Pearl Rail Bridge

Through Truss Lift Bridge over Illinois River
Pearl, Pike County, Illinois
To Rural Greene County, Illinois

Click the Photo Above to See All Photos of This Bridge!
Name Pearl Rail Bridge
Built By Chicago & Alton Railroad
Contractor (1900 Approach Spans) American Bridge Company of New York
Contractor (1913 Approach Spans) Wisconsin Bridge & Iron Company of Milwaukee
Currently Owned By Kansas City Southern Railway
Length 1,180 Feet Total, 425 Foot Main Span
Width 1 Track
Height Above Ground 30 Feet (Estimated)
Superstructure Type Warren Through Truss, Warren Pony Truss and Deck Girder
Substructure Type Concrete and Stone Masonry
Date Built 1900 and 1913, Lift Span Added 1978
Traffic Count 5 Trains/Day (Estimated)
Current Status In Use
KCS Bridge Number 250.4
Significance Moderate Significance
Documentation Date June 2016
In 1870, the St. Louis, Jacksonville and Chicago Railroad began construction on a line from Roodhouse, Illinois to Quincy Junction, on the East Bank of the Mississippi River.
At Roodhouse, it connected to another StLJ&C mainline.

Three years prior, the Louisiana and Missouri River Railroad constructed a line between Mexico, Missouri and the Mississippi River at Louisiana, Missouri.

The two railroads would finally connect in 1873, when a bridge would be constructed over the Mississippi River.

An additional 163 miles to Kansas City would be built westward from Mexico in 1878, finally seeing completion in 1879. This line was constructed by the Kansas City, St. Louis and Chicago Railroad.
Both the railroads in Missouri would be under control of the Chicago & Alton Railroad from completion. In Illinois, the St. Louis, Jacksonville and Chicago Railroad would become fully absorbed by the Chicago & Alton in 1899.

The Chicago & Alton operated this route as a backbone type route, connecting Kansas City to the Mississippi River.

In 1931, the Chicago & Alton would be renamed the Alton Railroad, and be operated as a subsidiary of the Baltimore and Ohio Railroad. This lasted until 1947, when it became part of the Gulf, Mobile & Ohio Railroad.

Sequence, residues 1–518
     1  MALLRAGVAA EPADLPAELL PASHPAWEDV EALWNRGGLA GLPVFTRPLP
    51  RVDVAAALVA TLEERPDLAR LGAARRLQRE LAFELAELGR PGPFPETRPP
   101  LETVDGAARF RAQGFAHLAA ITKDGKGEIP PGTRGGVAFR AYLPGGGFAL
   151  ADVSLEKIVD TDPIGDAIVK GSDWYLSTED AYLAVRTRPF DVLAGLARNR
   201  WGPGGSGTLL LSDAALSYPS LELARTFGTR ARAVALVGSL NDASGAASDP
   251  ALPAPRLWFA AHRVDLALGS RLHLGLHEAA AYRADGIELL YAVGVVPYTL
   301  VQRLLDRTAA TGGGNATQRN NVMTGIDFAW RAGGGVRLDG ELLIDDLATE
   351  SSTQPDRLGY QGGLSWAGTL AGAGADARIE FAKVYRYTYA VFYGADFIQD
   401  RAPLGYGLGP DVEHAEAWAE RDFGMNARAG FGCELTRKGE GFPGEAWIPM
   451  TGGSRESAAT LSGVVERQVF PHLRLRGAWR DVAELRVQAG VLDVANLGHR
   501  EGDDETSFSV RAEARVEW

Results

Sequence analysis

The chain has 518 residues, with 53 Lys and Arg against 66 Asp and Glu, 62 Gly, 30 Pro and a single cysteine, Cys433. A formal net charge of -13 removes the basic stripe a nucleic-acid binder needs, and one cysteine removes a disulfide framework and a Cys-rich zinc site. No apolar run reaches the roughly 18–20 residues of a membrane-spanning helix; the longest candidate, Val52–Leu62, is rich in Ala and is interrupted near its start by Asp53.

The GMO operated this line until 1972, when they merged with Illinois Central to form Illinois Central Gulf; who operated this line until 1987.

By 1987, the line had deteriorated significantly. The line was sold to the Chicago, Missouri and Western Railway. This railroad failed very quickly, and by 1990 the line was spun off to Gateway Western Railroad.

From 1990 to 1997, Gateway Western was an affiliate of Atchison, Topeka & Santa Fe. After ATSF merged to form BNSF, GWWR became a subsidiary of Kansas City Southern.

Kansas City Southern fully dissolved the GWWR in 2001, and continues to operate this line.

This massive and somewhat confusing bridge crosses the Illinois River at Pearl, Illinois.
The original bridge at this location was built in 1885. It was partially rebuilt in 1900 with three 8-panel riveted Warren Pony trusses on the west end.
A further rebuild came in 1913-1914, when the rest of the bridge was replaced. Three more nearly identical pony trusses were added on the west end, the swing span was replaced, and an additional truss was replaced on the east end.
In 1978, the swing span was replaced by a vertical lift span to increase safety of river navigation. In addition, the easternmost pony truss and the east through truss span were replaced at this time.
Today, the main vertical lift span is a large riveted Warren Through Truss span with 12 panels.
The present approach spans are five 8-panel riveted Warren Pony Trusses, and a deck girder on either side of the lift span. The bridge rests on a combination of stone and concrete substructures.
One interesting fact to note is the old bridge here, built in 1885, had at least one span relocated and sold to an electric railroad. This span was relocated to Minnesota, and now serves as part of the Luce Line Trail.

Historic Photo
Historic photo of the bridge, prior to replacement of the through trusses and swing span in 1913. Library of Congress photo

The author has ranked this bridge as being moderately significant due to the more modern build date, as well as the hard to access nature of the structure.
The photo above is looking east along the structure. The author hopes to get more photos of this bridge soon.

Illinois River Railroad Bridges
Upstream Valley City Rail Bridge
Downstream Confluence with Mississippi River


Source Type


Build Dated 1979 Illinois Central Gulf Track Profile
Railroad Line History Source ICC Valuation Information, Compiled by Richard S. Steele

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